Arrestees to get access to lawyers free of charge at Chicago police stations
People taken into custody by Chicago police will have access to an attorney at no charge under a potentially landmark order signed Tuesday by Cook County Chief Judge Timothy Evans.
The aim of the change is to rectify a glaring constitutional issue – the vast majority of those arrested in Chicago don’t receive legal representation until their bail hearing in court, often after they’ve been questioned by detectives and made incriminating statements.
"I want to ensure that constitutional rights are protected from the earliest point of contact with the criminal justice system," Evans said in a statement. "The concept of ‘justice’ demands that we take this step to strengthen an individual’s rights and the public’s confidence in the system."
A spokeswoman for First Defense Legal Aid, which for years has provided legal counsel to some arrestees being held in police station lockups, said Chicago police have agreed to let those in custody call a lawyer after being brought to the station – and not have to wait until after they’ve been charged. Signs will be posted prominently at the department’s 22 district police stations with the number to call for help from an assistant public defender or volunteer lawyer, said the spokeswoman, Vickie Casanova Willis.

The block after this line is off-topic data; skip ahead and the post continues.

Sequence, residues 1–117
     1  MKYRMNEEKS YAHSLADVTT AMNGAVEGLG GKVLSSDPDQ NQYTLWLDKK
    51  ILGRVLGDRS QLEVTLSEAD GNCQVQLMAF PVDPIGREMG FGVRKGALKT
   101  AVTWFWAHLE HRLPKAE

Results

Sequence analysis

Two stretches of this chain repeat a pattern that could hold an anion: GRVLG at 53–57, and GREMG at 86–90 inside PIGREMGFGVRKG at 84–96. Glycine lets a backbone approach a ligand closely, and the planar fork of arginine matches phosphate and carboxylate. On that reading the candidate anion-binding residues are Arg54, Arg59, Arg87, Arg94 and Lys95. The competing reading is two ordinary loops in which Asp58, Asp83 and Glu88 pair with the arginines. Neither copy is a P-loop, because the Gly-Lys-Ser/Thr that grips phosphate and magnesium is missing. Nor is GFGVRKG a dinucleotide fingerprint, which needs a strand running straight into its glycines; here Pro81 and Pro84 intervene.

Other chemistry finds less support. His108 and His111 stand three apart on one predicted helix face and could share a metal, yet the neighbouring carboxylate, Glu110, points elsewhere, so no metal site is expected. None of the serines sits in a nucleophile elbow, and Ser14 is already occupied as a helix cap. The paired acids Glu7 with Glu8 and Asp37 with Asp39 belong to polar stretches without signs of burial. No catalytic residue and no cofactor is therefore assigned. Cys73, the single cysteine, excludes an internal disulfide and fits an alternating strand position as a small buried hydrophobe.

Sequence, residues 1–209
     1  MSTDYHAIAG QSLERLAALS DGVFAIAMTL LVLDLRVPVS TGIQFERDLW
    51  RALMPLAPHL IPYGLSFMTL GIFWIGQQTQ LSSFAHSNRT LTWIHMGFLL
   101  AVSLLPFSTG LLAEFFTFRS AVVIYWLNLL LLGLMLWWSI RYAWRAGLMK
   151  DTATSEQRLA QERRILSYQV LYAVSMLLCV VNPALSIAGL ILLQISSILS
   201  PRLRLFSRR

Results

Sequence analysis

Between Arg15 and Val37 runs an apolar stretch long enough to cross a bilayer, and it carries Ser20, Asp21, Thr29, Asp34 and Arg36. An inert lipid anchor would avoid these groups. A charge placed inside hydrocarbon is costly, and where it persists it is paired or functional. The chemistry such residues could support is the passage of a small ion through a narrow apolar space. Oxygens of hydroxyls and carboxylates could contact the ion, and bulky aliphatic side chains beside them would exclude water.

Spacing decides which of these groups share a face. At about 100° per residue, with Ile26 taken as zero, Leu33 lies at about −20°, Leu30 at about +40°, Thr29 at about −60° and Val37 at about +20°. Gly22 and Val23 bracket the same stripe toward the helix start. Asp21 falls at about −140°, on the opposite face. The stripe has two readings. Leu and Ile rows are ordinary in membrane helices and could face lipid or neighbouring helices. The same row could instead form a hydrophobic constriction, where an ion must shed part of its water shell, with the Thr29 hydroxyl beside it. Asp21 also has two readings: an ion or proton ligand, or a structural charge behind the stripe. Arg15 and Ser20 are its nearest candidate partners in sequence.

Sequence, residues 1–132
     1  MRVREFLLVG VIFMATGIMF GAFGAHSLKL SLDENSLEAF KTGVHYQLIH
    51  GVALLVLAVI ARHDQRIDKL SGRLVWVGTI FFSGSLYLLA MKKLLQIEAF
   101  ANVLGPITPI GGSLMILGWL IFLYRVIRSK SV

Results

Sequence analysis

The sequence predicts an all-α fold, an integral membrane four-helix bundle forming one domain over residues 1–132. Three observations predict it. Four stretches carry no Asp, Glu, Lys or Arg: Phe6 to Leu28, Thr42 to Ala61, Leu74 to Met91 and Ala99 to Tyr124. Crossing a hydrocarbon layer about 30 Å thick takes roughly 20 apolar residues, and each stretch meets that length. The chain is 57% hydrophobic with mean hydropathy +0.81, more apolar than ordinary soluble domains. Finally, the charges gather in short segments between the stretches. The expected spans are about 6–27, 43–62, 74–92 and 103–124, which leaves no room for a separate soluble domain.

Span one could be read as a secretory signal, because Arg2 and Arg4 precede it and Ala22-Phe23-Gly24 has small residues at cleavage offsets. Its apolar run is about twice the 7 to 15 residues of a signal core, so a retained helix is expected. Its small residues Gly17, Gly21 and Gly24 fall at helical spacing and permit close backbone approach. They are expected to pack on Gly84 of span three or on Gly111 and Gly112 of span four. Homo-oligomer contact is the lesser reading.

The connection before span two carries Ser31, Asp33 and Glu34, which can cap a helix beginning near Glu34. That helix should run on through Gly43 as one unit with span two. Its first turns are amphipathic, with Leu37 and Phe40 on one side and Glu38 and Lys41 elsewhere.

"This is an historic step that will improve the quality of justice in Cook County and that will help to ensure equal treatment of all members of our community and respect for our Constitution and for the rule of law," Thomas Geraghty, director of the Bluhm Legal Clinic at Northwestern University’s Pritzker School of Law, said in a statement.
Arrestees have long had a right to a lawyer under the Sixth Amendment, but it was impossible for most arrestees to speak with an attorney before they were charged and taken to bond court unless they had private counsel.
In fact, a public records request by the First Defense Legal Aid showed that only 838 of the nearly 86,700 people arrested last year by Chicago police – less than 1 percent — were able to consult with an attorney at the police station.